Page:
As I ponder justice, I keep encountering all of the conditions that seem to be in place whenever human beings speak of justice, injustice and social justice.
There are the conditions that the suffering person is in. When we can see those conditions, most human beings are moved to help alleviate them. We often only see the surface conditions, though. We see that someone is hungry, so we do a canned food drive. We don’t see that the hungry individuals have been, for example, gut-punched by abusive conditions for generations. Then, we begin to pull back: what did YOU do, we ask of the abused, about their abuse.
I am also aware of the conditions that I and others bring as the ones who are empowered by our culture to decide, in the first place, who may receive justice and who may not. Recently, someone told me that a tax system which fell heavier on the rich than the poor was immoral. He told me that if the poor were taxed more, they would feel like they were part of the system and had something to contribute. What belies this position is a condition of affluence that the speaker has always known in his life. He cannot imagine another condition in which everything in the world around you is set against you.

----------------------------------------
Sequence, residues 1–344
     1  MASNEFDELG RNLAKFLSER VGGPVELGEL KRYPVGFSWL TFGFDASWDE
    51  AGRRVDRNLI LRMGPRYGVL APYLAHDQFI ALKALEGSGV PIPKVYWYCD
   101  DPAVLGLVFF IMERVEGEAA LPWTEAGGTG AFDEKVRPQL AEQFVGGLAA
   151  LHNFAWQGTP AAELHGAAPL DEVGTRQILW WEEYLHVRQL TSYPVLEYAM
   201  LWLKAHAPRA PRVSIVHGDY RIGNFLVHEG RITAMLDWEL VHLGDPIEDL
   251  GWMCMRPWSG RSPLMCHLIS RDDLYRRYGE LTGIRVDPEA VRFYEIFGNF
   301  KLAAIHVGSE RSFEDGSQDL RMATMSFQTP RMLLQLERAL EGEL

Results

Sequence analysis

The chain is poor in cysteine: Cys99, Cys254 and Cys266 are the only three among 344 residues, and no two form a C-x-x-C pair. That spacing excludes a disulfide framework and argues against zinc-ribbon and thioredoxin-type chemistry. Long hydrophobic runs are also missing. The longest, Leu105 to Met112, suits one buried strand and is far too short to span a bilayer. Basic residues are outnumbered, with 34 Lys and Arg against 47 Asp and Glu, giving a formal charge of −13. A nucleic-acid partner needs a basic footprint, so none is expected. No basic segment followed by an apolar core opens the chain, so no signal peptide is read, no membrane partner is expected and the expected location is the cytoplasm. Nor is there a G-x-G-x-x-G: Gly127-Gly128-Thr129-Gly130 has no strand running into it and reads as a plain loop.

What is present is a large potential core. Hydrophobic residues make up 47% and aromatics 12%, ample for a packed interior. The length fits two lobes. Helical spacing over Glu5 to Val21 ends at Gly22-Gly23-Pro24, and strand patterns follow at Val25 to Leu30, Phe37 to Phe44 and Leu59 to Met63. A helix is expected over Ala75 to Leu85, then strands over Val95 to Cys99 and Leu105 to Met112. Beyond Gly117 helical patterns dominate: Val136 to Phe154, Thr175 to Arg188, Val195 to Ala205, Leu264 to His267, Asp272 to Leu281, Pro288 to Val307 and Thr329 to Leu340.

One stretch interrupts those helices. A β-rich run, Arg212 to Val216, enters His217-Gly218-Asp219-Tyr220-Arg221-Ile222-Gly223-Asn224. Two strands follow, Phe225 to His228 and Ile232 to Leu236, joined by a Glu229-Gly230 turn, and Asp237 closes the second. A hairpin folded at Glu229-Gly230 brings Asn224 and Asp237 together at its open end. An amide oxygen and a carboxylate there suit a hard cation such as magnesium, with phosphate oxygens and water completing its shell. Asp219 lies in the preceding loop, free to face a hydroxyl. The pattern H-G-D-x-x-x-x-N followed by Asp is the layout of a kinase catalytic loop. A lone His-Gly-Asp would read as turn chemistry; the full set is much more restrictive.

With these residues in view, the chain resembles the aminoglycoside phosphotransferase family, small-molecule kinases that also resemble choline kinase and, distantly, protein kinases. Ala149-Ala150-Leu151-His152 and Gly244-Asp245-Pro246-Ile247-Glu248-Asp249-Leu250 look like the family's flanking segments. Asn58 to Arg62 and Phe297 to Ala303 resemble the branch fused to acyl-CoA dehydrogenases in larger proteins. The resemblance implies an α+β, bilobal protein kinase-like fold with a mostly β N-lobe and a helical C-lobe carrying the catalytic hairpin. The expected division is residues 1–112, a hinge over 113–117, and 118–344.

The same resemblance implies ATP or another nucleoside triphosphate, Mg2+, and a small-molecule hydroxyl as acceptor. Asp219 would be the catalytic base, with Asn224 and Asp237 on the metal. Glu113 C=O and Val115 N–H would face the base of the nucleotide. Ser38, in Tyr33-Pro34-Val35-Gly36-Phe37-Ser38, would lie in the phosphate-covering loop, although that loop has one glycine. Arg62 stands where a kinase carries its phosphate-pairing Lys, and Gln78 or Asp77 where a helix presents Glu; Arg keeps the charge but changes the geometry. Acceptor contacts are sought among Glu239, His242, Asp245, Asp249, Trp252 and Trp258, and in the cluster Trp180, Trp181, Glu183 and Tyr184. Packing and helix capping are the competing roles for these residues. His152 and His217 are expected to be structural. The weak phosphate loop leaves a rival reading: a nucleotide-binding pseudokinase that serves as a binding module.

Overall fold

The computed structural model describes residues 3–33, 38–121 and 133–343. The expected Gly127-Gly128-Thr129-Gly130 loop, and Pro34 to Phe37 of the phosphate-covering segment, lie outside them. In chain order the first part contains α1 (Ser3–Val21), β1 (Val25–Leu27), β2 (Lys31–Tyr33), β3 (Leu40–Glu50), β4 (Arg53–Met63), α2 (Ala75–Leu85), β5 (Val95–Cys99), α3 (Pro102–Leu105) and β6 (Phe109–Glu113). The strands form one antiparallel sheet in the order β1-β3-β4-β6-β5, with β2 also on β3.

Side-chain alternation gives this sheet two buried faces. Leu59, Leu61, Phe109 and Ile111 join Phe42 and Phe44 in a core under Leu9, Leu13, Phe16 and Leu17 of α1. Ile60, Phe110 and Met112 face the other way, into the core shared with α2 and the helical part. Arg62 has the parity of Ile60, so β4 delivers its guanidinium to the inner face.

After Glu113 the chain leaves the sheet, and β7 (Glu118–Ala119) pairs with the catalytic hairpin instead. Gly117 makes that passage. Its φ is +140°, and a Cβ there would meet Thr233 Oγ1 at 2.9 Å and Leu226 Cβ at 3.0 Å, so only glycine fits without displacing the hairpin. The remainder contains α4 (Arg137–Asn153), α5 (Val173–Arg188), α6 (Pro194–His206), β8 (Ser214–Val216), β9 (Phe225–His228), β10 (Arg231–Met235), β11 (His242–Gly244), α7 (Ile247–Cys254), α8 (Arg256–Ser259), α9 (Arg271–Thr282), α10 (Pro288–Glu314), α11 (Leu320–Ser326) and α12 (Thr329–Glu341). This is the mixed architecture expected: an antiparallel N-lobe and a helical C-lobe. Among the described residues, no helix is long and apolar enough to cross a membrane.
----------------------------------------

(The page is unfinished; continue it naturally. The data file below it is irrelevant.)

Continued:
If we want to talk about an authentic justice that sets all beings free to their fullest potential, we have to look at conditions. And, I think, we have to look through those conditions to a compassion that can embrace every condition–until the conditions loose themselves from us as a death grip and begin to be a kind of window into truth.